“W-What?” She lifted her head, taking in the dining room around her. The tourist family still sat waiting for their breakfast. “I’m sorry Ruby, what did you say?”
“You okay, hon? You were in another world there for a minute.”
“I’m fine. Really,” she added at Ruby’s doubtful expression. “Didn’t sleep well again last night, I guess.” She forced a grin. “Good thing you caught me before I nodded off and started drooling in my coffee.” The mention of coffee drew Rebecca's gaze to the carton of milk again. The girl’s innocent face stared back. Something seemed wrong. Rebecca leaned in, reading the caption under the photo. Nicole Wilson; missing for six years, before Bree even.
“I hope you don’t mind that I helped myself to the milk.,” she said, explaining what happened. “Didn’t want to be a bother.”
“Honey, it’s no problem at all, but you didn't have to do that.”
“Not to worry, it’s over and done now.” Rebecca looked down at the pancakes and fruit before her and knew little would make it past her lips “Breakfast looks delicious, as usual,” she lied.
Ruby held her gaze for a moment longer, and then nodded as if confirming something in her head. “Okay then. Enjoy.” Ruby picked up the milk carton as a bell dinged from the kitchen area. “Let me know if you need a refill on your coffee.” Smiling, Ruby went off to deliver the next order.
Rebecca’s stomach roiled at the thought of eating. Nausea and a headache overwhelmed her. She needed to  get home where she could decipher what this vision meant. With Ruby monitoring her every move, coming up with a way out of the diner proved difficult.
Forcing another smile, Rebecca picked up her fork and knife and waved them in the air for Ruby to see. At Ruby's disappointed frown, Rebecca cut the pancakes, and placed a small piece between her lips. Once Ruby smiled and turned away, Rebecca spit the bite out into a napkin. She spent another few minutes cutting and moving food around, hiding small bits under the second pancake. Pulling some money out of her wallet, she kept an eye out. As soon as Ruby went back to the kitchen for the next order pick-up, Rebecca threw the bills down on the table and made her escape.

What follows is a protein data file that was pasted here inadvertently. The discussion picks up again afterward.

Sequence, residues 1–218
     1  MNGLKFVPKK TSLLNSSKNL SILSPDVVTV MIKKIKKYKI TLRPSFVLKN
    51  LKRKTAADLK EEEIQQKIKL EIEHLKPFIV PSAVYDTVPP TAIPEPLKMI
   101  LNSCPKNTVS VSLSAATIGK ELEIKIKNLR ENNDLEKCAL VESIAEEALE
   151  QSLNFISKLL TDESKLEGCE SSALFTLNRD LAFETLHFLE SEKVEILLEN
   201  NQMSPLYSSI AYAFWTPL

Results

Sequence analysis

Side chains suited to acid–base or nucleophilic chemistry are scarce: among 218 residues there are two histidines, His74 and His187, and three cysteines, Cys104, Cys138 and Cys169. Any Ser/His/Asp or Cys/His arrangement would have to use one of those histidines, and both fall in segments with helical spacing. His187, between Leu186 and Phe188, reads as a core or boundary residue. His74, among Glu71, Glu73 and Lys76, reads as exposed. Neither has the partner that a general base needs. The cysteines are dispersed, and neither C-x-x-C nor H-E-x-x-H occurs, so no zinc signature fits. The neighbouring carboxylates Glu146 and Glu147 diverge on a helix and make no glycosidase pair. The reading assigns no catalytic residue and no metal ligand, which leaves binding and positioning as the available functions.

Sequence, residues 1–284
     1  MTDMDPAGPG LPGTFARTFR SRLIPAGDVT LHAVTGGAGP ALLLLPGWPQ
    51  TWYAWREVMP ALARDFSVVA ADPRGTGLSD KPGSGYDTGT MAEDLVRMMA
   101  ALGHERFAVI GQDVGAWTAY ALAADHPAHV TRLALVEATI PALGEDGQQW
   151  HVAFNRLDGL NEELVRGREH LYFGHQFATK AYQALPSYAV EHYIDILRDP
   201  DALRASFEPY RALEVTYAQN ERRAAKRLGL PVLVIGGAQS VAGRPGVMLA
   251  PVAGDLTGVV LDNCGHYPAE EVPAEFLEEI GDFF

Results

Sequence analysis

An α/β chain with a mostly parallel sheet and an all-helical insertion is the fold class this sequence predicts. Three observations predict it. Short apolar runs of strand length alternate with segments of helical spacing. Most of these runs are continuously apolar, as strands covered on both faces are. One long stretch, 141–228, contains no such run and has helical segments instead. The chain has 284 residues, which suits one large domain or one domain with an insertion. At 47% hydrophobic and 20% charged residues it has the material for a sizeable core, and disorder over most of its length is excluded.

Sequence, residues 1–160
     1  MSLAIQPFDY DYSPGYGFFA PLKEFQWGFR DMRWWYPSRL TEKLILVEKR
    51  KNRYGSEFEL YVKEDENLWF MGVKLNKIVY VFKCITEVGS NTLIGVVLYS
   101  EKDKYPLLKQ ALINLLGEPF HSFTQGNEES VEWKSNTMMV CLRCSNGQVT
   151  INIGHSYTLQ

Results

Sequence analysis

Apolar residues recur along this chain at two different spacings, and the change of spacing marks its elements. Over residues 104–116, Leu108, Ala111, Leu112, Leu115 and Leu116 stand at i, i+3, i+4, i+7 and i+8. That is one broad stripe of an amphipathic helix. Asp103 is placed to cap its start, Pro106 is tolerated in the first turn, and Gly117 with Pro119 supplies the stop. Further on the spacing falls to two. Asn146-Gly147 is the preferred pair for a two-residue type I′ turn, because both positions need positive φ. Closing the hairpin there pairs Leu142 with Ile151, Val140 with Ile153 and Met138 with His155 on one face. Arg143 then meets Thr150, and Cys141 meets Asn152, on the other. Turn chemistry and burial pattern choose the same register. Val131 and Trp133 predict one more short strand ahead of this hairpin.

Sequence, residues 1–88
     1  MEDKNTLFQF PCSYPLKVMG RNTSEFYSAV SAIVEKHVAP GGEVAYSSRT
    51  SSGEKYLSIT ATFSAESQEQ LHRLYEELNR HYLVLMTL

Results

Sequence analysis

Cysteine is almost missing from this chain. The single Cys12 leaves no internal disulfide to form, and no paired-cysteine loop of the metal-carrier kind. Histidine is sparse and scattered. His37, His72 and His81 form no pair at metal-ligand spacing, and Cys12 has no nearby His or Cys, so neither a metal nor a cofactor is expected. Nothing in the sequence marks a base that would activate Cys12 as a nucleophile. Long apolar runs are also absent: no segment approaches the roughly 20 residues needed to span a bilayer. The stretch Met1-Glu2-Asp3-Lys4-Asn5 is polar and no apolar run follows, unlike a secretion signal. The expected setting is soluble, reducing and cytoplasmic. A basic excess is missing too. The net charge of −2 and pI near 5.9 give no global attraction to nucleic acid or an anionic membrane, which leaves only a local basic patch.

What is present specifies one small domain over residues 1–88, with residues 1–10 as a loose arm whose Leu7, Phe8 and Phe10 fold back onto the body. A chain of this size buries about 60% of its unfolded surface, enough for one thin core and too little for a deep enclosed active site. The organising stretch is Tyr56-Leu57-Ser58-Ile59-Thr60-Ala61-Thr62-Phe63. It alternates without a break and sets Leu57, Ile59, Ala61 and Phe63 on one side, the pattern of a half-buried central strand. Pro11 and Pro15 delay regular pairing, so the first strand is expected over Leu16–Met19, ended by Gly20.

Rebecca’s first deep breath came when she  sat safe inside her car at the other end of Main Street. Home. She had to hold it together until then. Shoving the key into the ignition, she crossed her fingers, and then groaned at the dull grind that met her ears.
“Crap. Not today!” Rebecca cursed for putting off taking the car in to Joshua. Hands shaking, she tried again, holding her grimace until the engine caught.
 The edge of another vision crept in while she pulled into the driveway. “Shit. One more minute, come on, one more minute.”
 She fumbled at the keyhole, hands shaking too hard to fit the key in the lock. Rebecca crossed the threshold and fell to her knees as the pain sliced in again, worse this time. Never before had two visions come so close together. What the hell?
Rebecca’s world faded and in its place…
 Sabrina appeared. Her baby. Sitting on the floor in a room of shadows, chin resting on drawn up knees. “Where are you Mommy? Why haven’t you come?” The shadows opened up, pushing forward to swallow both the light and Bree.
“Nooooooooo.” Rebecca came back tears streaming down her face, and fell to the floor. Limp, she laid there, an arm thrown across her eyes. “So close.”
Rebecca rolled as her stomach revolted, giving up its meager contents. Pushing herself to her knees with the last heave, she drew the back of a hand across her mouth.
The memory of losing Sabrina burned in her mind forever, but these fresh images; God, they made it so much worse. Rebecca crawled the few feet to the still open door, shoved it closed and leaned against it, shaking with sobs.